Most people have heard the term dental crown before. But fewer know what crown lengthening is or why you'd need it. Yet dental crown lengthening is often a required step in preparing your tooth for a dental crown.
Dental crown lengthening involves the removal of gum tissue, bone or both to expose more of a tooth's structure. Why would you need it? You might have broken a tooth at the gum line. Or you might just have a decayed tooth. Sometimes after your dentist removes the tooth decay, there isn't enough tooth structure left above the gum line to support a dental crown (or even a large tooth filling). Without enough structure to grab on to, ill-fitting dental crowns may cause chronic inflammation and irritation. Even worse, tooth decay may get in under the dental crown, creating the need for more dental treatment. You might even lose the tooth completely.
Although less common, crown lengthening may also be used cosmetically to treat what's called a "gummy smile." When an unusually large amount of gum tissue shows around the upper teeth, crown lengthening might help. Your dentist can expose more of your teeth, then sculpt your gum line to create the look you want.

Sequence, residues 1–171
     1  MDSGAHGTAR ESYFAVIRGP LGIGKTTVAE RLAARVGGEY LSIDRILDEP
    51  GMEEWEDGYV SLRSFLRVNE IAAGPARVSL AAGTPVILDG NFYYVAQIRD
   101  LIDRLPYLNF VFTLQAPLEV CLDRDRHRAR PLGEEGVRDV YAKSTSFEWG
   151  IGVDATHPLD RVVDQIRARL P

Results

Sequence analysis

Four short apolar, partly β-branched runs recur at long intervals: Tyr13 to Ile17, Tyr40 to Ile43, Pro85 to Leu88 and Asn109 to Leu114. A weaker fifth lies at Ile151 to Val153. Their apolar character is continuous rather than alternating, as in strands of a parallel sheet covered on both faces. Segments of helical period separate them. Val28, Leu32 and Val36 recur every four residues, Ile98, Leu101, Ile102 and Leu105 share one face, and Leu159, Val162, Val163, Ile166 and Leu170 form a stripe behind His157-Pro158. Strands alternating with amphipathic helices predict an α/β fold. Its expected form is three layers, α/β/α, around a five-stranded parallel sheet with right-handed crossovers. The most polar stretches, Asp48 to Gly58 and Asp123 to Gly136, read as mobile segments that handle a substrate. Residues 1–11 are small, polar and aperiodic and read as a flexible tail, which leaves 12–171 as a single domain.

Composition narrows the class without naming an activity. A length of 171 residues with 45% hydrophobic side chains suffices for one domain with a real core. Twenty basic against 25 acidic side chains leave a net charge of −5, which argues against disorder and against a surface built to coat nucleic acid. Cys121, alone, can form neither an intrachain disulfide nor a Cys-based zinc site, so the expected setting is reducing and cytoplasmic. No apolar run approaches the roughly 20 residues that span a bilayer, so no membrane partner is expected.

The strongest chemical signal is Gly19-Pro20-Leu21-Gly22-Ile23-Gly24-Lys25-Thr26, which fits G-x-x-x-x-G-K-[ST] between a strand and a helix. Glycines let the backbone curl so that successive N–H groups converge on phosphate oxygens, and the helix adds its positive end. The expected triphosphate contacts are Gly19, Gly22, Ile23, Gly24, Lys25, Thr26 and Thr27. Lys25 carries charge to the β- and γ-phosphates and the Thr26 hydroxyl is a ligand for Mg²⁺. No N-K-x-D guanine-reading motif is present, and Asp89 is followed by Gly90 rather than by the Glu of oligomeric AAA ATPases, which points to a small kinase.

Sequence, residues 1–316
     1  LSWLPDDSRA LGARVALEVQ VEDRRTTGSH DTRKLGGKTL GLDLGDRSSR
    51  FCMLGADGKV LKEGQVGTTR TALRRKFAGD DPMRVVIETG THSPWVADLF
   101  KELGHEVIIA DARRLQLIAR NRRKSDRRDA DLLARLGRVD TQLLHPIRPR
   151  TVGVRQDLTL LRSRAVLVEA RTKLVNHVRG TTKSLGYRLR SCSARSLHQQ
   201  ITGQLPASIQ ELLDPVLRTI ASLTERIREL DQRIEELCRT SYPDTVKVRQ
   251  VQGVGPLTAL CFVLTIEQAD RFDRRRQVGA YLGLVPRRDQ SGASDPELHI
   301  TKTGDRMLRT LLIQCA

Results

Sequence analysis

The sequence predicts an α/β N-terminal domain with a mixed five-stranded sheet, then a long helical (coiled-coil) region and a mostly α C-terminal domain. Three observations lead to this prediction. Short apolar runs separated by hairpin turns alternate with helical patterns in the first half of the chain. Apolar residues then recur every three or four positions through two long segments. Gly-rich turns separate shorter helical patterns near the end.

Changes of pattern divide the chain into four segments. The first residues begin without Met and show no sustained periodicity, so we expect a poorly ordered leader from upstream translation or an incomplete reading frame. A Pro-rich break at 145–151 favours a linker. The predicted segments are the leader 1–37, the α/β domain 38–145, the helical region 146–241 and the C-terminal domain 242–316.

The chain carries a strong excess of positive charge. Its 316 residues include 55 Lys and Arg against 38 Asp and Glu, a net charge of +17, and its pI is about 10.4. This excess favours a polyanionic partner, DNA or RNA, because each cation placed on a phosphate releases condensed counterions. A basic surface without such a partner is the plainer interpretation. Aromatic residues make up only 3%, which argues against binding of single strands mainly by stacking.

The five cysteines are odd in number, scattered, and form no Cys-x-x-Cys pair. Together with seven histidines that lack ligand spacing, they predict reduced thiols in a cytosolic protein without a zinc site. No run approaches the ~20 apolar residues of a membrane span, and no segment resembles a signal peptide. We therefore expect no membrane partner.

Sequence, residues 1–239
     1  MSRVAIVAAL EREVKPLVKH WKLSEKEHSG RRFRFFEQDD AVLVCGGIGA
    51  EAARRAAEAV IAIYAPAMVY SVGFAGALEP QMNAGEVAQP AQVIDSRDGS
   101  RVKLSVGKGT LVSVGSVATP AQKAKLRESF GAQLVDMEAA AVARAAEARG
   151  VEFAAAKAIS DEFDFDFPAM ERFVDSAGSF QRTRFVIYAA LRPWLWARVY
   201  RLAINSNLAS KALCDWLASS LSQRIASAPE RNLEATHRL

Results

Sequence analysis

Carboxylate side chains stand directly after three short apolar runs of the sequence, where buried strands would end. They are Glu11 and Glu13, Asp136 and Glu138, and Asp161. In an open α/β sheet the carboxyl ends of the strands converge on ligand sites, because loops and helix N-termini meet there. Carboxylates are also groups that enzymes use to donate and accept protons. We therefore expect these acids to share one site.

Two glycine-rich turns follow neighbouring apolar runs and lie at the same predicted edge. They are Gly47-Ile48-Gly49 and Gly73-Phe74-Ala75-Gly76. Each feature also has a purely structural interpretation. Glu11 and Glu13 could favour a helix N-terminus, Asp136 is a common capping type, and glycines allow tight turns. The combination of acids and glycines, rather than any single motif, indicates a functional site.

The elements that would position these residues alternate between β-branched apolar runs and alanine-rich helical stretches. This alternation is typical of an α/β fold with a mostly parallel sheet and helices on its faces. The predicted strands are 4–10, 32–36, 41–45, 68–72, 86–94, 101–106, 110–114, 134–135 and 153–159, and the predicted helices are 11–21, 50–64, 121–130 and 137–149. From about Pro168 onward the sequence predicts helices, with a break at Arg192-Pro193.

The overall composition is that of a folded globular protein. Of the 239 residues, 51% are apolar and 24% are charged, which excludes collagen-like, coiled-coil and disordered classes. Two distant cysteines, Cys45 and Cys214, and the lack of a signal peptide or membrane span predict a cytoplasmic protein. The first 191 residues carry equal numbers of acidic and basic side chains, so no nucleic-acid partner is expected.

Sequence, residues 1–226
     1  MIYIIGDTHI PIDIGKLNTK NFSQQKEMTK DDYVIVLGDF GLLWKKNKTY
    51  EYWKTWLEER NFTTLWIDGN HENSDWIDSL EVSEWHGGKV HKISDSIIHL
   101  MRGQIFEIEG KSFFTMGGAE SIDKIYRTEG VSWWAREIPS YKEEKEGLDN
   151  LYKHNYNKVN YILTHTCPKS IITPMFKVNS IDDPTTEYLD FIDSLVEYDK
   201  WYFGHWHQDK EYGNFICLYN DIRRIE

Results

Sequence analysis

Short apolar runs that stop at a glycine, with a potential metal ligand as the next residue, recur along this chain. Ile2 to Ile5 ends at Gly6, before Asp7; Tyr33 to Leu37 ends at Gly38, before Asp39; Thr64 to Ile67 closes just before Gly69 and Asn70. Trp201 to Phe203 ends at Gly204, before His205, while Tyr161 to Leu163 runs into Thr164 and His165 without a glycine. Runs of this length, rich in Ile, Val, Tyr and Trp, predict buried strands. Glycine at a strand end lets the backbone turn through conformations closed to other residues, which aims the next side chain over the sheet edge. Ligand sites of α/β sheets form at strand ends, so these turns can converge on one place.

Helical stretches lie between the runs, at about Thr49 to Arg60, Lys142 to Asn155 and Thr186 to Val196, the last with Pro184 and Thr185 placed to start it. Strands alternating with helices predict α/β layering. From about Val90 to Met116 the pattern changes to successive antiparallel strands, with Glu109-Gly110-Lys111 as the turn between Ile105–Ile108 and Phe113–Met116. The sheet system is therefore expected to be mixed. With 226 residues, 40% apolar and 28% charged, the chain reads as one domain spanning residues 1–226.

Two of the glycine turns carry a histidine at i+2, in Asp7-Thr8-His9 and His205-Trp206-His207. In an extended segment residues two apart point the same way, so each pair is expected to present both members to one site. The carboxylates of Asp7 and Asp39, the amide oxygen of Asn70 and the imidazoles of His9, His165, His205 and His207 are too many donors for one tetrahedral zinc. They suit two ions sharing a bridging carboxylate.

The Lowdown on Crown Lengthening
Dental crown lengthening is a type of oral surgery. It is performed by a periodontist, a dentist who specializes in treating diseases of the gums and bone tissue that support the teeth. Crown lengthening surgery can be performed on one or several teeth or your entire gum line, depending on your specific needs. Crown lengthening surgery is a simple procedure usually done at your dentist's office using local anesthesia. If necessary, sedation dentistry can be used to ease dental fear during the procedure.
If you have a temporary crown in place, the periodontist will remove it before beginning surgery and replace it after. The periodontist starts by making cuts to the tissue to pull the gum away from the tooth. This provides access to the roots of the teeth and the surrounding bone. In some cases, removing just a little gum tissue will do the trick. More often, the removal of some bone is also required.
Once the periodontist has exposed enough of the tooth's structure, he or she will wash the area with saline water and stitch the gums together. Some periodontists will cover the incision with a special bandage.